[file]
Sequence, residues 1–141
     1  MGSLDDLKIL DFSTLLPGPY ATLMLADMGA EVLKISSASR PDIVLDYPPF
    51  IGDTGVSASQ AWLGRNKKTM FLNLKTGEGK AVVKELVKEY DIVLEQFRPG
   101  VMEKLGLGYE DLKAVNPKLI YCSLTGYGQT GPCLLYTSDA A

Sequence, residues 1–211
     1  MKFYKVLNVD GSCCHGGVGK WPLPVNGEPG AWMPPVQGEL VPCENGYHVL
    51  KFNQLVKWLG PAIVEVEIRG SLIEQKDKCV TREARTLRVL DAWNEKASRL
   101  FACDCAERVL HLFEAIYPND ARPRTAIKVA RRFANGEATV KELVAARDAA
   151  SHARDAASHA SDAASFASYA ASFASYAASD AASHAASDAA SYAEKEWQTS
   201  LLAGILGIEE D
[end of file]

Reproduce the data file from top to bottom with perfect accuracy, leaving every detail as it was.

Sequence, residues 1–141
     1  MGSLDDLKIL DFSTLLPGPY ATLMLADMGA EVLKISSASR PDIVLDYPPF
    51  IGDTGVSASQ AWLGRNKKTM FLNLKTGEGK AVVKELVKEY DIVLEQFRPG
   101  VMEKLGLGYE DLKAVNPKLI YCSLTGYGQT GPCLLYTSDA A

Sequence, residues 1–211
     1  MKFYKVLNVD GSCCHGGVGK WPLPVNGEPG AWMPPVQGEL VPCENGYHVL
    51  KFNQLVKWLG PAIVEVEIRG SLIEQKDKCV TREARTLRVL DAWNEKASRL
   101  FACDCAERVL HLFEAIYPND ARPRTAIKVA RRFANGEATV KELVAARDAA
   151  SHARDAASHA SDAASFASYA ASFASYAASD AASHAASDAA SYAEKEWQTS
   201  LLAGILGIEE D